She says: “I like the idea of having a swing, which plays upon that sense of childlike wonderment, and suggests an alternative to the grotesque scenario of the installation. I hope that visitors will engage with the installation, by playing with it; sitting on it, and thinking about it – hopefully in a fun way! I didn’t want to be completely straightforward with the narrative, by suggesting that plastic is ‘wrong;’ hopefully, there are other options, where we can use plastic in different ways; it doesn’t have to be seen as ‘terrible’.”

Ecstatic and humbled

Townley was chosen as the winner of GDNEYS 2018, by a panel at Cheeseburn, consisting of: artist, Joseph Hillier; director of Cheeseburn Sculpture, Joanna Riddell; curator at Cheeseburn, Matthew Jarratt, and trustee for The Gillian Dickinson Trust, Alexander Dickinson, as well as taking into account votes made by the public in person at Cheeseburn.

Over the last three years, the partnership between Cheeseburn and the Gillian Dickinson Trust, has seen young artists applying to be shortlisted for GDNEYS – an accolade that awards them £300 to develop a proposal in reaction to the unique environment at Cheeseburn. Shortlisted artists are then invited to explore Cheeseburn and supported to develop a (hopefully) winning proposal.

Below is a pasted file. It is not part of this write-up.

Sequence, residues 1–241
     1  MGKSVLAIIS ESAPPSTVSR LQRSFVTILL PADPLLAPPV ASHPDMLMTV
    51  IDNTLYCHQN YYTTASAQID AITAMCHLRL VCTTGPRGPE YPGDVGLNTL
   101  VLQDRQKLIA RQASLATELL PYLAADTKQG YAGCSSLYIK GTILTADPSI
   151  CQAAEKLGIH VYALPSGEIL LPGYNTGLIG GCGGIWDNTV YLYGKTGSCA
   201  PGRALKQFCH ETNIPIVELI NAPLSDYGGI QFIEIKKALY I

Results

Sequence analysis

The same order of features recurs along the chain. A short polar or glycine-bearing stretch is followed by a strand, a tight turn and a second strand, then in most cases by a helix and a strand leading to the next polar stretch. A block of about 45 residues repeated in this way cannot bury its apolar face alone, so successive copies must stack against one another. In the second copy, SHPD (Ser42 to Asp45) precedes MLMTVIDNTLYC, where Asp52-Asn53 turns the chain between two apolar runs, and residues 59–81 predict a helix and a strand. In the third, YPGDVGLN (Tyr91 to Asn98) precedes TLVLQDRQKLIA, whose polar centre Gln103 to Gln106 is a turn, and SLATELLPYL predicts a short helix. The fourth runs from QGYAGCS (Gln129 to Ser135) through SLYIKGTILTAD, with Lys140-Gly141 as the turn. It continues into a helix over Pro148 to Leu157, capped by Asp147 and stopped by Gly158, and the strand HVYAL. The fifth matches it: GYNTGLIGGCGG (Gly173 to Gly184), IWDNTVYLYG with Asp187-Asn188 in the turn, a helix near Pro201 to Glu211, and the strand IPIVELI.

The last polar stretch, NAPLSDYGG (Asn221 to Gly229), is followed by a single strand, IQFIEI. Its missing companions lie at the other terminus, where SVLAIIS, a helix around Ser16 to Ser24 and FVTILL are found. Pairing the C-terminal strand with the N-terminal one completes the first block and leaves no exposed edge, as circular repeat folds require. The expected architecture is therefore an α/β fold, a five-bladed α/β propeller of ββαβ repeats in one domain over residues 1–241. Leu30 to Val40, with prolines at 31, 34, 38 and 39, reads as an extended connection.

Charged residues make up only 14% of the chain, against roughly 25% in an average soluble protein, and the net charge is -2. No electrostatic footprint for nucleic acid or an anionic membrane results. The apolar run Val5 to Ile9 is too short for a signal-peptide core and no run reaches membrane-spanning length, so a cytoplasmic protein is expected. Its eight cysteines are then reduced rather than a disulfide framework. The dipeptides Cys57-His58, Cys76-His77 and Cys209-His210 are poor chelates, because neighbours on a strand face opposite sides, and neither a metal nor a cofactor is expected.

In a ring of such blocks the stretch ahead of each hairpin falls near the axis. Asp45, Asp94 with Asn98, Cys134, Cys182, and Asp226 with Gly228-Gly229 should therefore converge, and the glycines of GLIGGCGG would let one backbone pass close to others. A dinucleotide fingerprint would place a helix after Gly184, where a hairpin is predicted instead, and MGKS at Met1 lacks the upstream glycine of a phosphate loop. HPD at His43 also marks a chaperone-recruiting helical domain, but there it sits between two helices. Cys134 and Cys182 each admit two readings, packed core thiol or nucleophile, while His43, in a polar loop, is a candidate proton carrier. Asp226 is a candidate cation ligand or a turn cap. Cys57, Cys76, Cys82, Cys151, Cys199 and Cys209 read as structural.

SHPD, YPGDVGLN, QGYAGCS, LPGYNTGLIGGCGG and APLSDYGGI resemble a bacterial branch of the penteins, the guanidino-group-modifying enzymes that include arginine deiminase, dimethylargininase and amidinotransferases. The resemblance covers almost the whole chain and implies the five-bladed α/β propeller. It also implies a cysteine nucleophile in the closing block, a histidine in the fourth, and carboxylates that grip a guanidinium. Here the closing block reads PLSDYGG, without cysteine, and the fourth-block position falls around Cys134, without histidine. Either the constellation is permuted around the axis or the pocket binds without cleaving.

As the winner of GDNEYS 2018, Townley has been awarded £6,500 to develop her proposal into an installation, which will be sited at Cheeseburn Sculpture in May 2019.

Says Clare: “I was ecstatic when I won; there was some very, very strong competition. I feel very humbled to have won, because it is an impressive accolade to have. I’m excited to start making my proposal and to see the whole process through, from developing my proposal to reality on a grand scale. Sculpture has a physicality to it; you are making something a reality, and literally putting something in the world. It really is impressive.

“Winning the North East Young Sculptor of the Year award will, undoubtedly, boost my artistic career. Cheeseburn Sculpture is recognised, both nationally and internationally, as an outstanding venue for sculpture; having my work sited at Cheeseburn will expose my practice to a much wider audience.”

The beautiful and grotesque